"What do anthropologists study?"

"Culture."

"Culture?"

"The stuff everybody in a group takes for granted."

"Ah....what about the exceptions to the rules?"

 

After spending many years in the bowels of the beast, working in and around the advertising industry in Japan, it has become increasingly clear to me that the anthropological ethics of informant anonymity and non-judgmental description, combined with an engrained distaste for hierarchy, produce radically unrealistic descriptions of culture and other industries in which who’s who and incessant value judgments are fundamental elements in what is going on.

This was brought home to me while trying to teach a fine ethnography of a Japanese advertising agency.  I suddenly realized that my students were assuming that the way the making of advertising was described in this book was the way in which advertising is made in Japan—instead, that is, of the way advertising is made by second-rate hacks who are assigned to the international division because they aren’t good enough to cut it in domestic advertising, where the budgets are orders of magnitude larger.

It is reinforced by my work with members of teams whose ads have won awards in a major Japanese advertising contest. There are certainly good reasons to believe that contests like this one reinforce established hierarchies, especially given that the juries are made up of people who have previously won awards. They are also, however, arenas in which current hierarchies are contested, genuinely creative work is celebrated, and innovation legitimized.

It now seems to me that anthropological theory is gutted by the assumption that a culture is uniformly shared and an ethics of professional presentation that preclude consideration of why some individuals are outstanding, instead of average, examples of what we are talking about. By focusing on the average, we lose sight of the exemplary and thus of a critical factor in social and cultural change.

 

Special thanks to Patricia Lange, who started

the thread on Savage Minds that stimulated this remark.

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John, I agree with your premise and believe that what you are calling for is a return to the German tradition. This focused on exemplary individuals and cases seen as dynamic historical phenomena within an articulate philosophical tradition and stood opposed to a French and British focus on social averages. (Although there was a particularist strand of English history and comparative jurisprudence that influenced British social anthrpopology). The majority of American anthropologists were at first German in origin which partly accounts for the focus on culture there. But everything went haywire after 1945 when Germany lost not only the war but its distinctive leadership in the global knowledge industry and German social scientists aped their new American masters. This was also the time when the US shifted from being a loose federation to being a nation-state and world power with obvious consequences for the ruling ideology and of course for anthropology.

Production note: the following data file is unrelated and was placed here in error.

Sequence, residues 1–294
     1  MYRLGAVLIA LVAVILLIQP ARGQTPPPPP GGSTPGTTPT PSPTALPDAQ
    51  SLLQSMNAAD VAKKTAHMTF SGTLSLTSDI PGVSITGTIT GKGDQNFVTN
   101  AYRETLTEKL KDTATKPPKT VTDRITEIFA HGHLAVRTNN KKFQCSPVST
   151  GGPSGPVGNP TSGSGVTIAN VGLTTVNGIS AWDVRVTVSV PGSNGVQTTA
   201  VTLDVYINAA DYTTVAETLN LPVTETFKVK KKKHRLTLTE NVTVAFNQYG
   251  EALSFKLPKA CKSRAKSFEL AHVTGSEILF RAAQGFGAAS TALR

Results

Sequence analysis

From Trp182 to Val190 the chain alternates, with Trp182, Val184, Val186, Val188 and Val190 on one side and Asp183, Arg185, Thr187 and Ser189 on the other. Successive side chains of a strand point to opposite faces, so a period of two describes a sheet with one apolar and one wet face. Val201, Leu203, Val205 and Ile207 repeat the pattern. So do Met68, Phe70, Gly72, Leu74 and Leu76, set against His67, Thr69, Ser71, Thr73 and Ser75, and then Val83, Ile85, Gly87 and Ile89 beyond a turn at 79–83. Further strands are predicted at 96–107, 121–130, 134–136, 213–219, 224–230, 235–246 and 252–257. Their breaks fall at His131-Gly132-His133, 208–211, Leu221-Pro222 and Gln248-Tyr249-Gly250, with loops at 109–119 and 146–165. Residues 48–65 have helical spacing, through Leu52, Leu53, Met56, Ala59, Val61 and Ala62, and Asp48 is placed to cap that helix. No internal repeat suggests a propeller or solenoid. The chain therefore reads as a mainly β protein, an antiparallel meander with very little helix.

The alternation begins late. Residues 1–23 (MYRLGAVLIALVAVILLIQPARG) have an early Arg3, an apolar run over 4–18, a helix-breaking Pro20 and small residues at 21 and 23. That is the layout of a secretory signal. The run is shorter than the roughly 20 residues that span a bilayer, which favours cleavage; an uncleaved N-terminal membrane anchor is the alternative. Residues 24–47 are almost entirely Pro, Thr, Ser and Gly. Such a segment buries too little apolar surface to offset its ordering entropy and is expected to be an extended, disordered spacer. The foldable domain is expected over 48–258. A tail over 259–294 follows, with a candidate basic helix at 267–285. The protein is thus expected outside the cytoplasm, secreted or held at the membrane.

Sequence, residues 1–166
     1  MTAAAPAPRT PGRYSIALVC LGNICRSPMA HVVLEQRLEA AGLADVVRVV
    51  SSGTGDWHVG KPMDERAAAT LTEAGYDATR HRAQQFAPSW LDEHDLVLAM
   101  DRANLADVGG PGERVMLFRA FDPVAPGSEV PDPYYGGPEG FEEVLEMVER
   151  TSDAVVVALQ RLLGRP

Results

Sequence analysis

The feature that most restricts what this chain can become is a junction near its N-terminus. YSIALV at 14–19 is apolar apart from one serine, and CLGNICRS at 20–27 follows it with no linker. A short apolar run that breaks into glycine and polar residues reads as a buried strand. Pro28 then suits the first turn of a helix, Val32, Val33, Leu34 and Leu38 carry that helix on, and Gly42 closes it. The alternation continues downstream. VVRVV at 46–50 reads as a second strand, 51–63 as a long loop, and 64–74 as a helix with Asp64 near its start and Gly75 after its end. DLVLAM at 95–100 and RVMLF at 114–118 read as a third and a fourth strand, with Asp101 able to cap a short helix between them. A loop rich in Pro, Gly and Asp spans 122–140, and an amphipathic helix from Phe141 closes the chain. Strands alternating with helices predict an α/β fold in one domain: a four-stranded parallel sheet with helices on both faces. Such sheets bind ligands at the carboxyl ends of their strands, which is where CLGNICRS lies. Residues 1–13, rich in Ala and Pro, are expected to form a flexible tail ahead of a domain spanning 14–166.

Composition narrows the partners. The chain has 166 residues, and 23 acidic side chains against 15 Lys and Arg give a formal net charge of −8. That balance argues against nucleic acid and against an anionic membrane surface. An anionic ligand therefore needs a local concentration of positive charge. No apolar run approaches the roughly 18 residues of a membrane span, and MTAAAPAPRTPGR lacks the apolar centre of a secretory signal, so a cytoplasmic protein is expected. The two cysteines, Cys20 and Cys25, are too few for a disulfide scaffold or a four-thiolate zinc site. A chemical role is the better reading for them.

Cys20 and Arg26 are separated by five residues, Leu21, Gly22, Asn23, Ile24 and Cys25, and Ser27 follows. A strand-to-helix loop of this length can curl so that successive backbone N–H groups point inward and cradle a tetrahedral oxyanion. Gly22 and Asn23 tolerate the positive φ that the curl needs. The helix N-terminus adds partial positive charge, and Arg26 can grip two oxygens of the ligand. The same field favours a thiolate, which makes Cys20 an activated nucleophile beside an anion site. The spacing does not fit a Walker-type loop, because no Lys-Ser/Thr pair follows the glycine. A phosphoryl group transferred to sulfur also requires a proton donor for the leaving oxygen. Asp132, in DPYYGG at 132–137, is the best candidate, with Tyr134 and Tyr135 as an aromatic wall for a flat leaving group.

The larger question you raise concerns the persistence of national culture and society as the frame for social thought. Ethnography was invented for the purpose of building nations and the "discovery" of the national model of territorially bounded cultural homogeneity in so many primitive, exotic locations reinforced its claims to universality. But society has been escaping from its national framework since at least the 1970s, even if this is only slowly becoming recognized in the approaches adopted by anthropologists. The saddest thing is that there is no sign of the Germans leading a move back to their own particularist traditions. Whenever I go there, I can never find anyone willing to discuss individuals, history and dialectics. Instead they just reproduce their intellectual status as an American colony. This could change, however. Let's hope so.

Thanks, Keith. I agree entirely with what you say about ethnography and nationalism. What, after all, is a culture conceived as a bounded whole but yet another another version of the nation within its proper boundaries, the self defined by its native genius, or the work of art in its frame—that were all simultaneously celebrated by German romantics in the 19th and early 20th centuries. 

 

That said, I am not advocating a return to the führerprinzip or great man theory of history. I am, instead, wrestling in my own peculiar way with the structure-agency problem, recognizing that agents who do more than go with the flow of their structuring structures and effect serious change are, inevitably, exceptions to the habitus of the groups in which they appear. In my own research, I am wrestling with a project that when completed will include

  1. quantitative analysis of a series of social networks: members of teams that produce the ads declared winners in a major advertising contest,
  2. comparison of network measures with relevant economic data, to show how the changes in the networks are correlated with fluctuations in Japan's GDP and the changing shares of major media (TV, radio, newspapers, magazines) in total ad spend during the 30-year period in question, thus building a framework within which to
  3. consider the history of industry assessments and forecasts over the same period, leading to a look at
  4. a long-standing debate within the organization that runs the ad contest, concerning the proper roles of advertising copy and copywriters in producing advertising, followed by
  5. interviews with key figures, in which we discuss their careers and their take on what I think I have learned in steps 1-4.

Yes, this is a hell of a lot of work, and it is not a project I'd recommend for anyone needing to finish a Ph.D. within the foreseeable future or publish another book before a tenure review. It is, however, an attempt to construct a framework within which to integrate the quantitative and qualitative, analytic and interpretive approaches in a way required, I believe, to extend the vision of ethnography to large-scale societies in a plausible manner.

It will, of course, be imperfect, as all things human are. It will, however, be at least a tentative dialectical step beyond the great man versus social forces framework in which so much contemporary debate remains embedded, not a return to great man instead of social forces.